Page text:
Madison County Opinion...

OCTOBER 15, 2003

By Frank Gillespie
The Madison County Journal
October 15, 2003

Frankly Speaking

Them fools ‘uglified’ our money
Let me say this in a way that reflects the full extent of my opinion: “Them fools done uglified our money!”
By now, most of you will have seen the newest design for the twenty dollar bill. According to one government official, they spent three years and several million dollars to come up with the design. I am no artist, but I could have devised something that ugly in two weeks or less, free of charge.
The new bill looks like it was left in the pocket of a new pair of jeans and washed in hot water. That faded blue color on either side of the bill is a most unattractive color. The even more faded yellow center is worse. The tiny yellow 20s all over the back look like splattered mustard. It is simply an ugly bill.
Unfortunately, the bill will have a greater negative effect on the rest of the world than anything we have done so far. The United States’ currency has become the world currency. Billions of dollars circulate around the world on a daily basis, mostly in the form of twenties. The greenback is the most recognizable symbol of our nation in the world. It is even more familiar to earth’s population than is our flag.
We are already known around the world as “The Ugly Americans.” Now, we will be known as creators of the world’s ugliest money.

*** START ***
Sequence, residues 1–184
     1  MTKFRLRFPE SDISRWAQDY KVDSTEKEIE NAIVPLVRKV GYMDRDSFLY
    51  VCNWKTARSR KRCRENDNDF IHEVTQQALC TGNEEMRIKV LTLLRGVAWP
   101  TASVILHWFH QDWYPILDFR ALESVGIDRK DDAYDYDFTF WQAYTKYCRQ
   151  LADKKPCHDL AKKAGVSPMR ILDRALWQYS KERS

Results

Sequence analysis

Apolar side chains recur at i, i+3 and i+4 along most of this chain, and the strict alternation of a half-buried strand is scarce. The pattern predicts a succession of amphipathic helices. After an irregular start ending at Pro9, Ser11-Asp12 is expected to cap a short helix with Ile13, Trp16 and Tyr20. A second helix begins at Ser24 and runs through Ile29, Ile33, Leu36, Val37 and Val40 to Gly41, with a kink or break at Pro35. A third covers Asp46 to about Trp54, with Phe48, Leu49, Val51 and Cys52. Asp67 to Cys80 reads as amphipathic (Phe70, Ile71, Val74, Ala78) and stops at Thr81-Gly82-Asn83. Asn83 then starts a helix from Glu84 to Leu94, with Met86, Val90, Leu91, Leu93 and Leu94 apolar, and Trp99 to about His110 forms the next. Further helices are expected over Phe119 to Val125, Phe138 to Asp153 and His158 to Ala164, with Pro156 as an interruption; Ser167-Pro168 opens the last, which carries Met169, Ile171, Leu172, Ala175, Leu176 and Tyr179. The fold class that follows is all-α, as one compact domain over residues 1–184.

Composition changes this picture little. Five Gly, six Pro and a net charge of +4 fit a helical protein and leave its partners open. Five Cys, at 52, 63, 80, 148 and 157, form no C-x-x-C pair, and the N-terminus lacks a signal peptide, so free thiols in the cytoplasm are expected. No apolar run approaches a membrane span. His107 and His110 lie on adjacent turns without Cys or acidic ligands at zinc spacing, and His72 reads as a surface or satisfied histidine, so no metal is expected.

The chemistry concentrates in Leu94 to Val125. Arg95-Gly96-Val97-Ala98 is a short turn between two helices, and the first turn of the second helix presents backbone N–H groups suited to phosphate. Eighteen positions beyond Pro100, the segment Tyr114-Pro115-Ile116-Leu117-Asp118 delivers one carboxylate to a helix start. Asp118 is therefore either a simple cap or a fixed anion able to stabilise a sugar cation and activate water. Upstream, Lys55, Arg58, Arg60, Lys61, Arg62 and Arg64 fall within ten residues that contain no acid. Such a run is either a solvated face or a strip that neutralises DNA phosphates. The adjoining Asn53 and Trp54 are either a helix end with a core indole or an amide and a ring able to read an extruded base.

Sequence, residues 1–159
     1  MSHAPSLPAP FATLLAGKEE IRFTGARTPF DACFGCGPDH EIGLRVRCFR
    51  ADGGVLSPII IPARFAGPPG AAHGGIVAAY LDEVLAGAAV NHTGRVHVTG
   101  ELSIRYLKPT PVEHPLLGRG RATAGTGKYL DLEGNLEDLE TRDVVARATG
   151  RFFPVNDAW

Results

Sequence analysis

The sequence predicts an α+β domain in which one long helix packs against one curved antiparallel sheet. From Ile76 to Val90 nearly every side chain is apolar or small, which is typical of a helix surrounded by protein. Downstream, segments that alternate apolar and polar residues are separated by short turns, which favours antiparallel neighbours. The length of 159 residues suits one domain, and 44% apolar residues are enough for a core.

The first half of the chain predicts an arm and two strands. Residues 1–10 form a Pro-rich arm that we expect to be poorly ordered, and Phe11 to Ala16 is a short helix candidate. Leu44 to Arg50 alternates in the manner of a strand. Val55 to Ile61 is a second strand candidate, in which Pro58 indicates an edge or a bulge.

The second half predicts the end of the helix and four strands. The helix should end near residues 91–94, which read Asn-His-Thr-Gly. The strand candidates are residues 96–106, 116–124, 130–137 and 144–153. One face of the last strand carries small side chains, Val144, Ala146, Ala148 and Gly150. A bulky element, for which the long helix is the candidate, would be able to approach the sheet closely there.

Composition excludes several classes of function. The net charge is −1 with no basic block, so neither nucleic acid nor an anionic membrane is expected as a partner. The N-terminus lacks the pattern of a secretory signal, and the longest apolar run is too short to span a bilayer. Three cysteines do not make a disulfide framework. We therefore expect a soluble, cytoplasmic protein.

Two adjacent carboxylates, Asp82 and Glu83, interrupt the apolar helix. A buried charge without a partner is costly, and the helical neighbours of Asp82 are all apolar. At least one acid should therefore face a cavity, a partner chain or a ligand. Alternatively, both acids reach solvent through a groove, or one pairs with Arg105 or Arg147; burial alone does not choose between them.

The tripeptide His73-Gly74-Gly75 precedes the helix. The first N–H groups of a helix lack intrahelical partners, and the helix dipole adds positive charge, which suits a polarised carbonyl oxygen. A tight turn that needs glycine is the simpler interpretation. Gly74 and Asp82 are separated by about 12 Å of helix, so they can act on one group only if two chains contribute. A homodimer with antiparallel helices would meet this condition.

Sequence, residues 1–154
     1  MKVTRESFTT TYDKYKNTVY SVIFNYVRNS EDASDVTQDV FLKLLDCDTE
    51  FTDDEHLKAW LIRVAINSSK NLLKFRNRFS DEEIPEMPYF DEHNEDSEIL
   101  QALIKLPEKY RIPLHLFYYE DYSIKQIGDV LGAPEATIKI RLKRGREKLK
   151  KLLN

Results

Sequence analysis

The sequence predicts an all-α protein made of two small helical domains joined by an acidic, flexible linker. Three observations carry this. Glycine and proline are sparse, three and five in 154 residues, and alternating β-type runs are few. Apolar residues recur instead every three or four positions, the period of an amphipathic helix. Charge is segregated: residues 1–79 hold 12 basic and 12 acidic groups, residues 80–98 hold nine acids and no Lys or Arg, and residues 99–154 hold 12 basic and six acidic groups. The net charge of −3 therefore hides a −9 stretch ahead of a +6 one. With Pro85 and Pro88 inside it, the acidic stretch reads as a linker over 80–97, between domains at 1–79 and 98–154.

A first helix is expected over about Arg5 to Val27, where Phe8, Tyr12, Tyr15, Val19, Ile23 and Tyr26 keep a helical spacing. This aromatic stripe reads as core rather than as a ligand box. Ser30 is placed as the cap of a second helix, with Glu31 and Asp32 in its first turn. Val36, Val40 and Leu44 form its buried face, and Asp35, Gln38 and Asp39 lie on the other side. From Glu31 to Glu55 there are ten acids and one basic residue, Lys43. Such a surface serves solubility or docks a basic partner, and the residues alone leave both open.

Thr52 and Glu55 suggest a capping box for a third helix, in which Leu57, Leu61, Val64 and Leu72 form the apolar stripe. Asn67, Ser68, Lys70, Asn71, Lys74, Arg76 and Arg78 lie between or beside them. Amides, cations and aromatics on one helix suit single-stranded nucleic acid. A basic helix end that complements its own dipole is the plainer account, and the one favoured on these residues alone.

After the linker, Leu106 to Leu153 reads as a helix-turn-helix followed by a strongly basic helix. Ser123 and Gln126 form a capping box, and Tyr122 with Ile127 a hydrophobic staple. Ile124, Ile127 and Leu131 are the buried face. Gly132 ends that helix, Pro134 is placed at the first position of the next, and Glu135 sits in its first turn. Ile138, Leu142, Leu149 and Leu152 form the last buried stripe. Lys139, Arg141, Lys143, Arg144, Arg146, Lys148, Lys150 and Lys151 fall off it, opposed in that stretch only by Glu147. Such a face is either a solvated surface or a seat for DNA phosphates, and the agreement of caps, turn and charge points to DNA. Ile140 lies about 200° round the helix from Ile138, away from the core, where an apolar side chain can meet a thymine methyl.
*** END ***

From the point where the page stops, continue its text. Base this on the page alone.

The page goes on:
Government officials say the changes were made to combat counterfeiters.
Eventually, it might help there. But I remind you that the old bills are still legal tender. For the immediate future, counterfeiters will not try to duplicate the new bill; they will just keep printing the old ones.
The counterfeiting of paper money is losing its importance. The real criminals today simply steal someone’s identity, obtain false credit cards and rip off millions. Clearly, our government would have created a greater benefit if they had spent the millions used to redesign our paper money to develop defenses against identity theft.
I am probably typical in the way I handle money. Most of my income is deposited directly in my checking account by electronic transfer. Most of my bills are paid the same way. When I need to make a cash purchase, I usually whip out my bank card. I seldom carry more than pocket change in currency.
This is the way of the future. Currency will become less and less important as our economy becomes more and more digital. For the government to spend that kind of money to redesign our paper currency is another waste of taxpayer money. But then, wasting taxpayer money is the best thing government does.
If they had to waste our money to design new paper currency, at least they should have made sure the final product was attractive and created a good image for us in the rest of the world.
They didn’t have to make it that ugly!
Frank Gillispie is founder of The Madison County Journal. His web page can be accessed at His e-mail address is

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By Margie Richards
The Madison County Journal
October 15, 2003

A Moment With Margie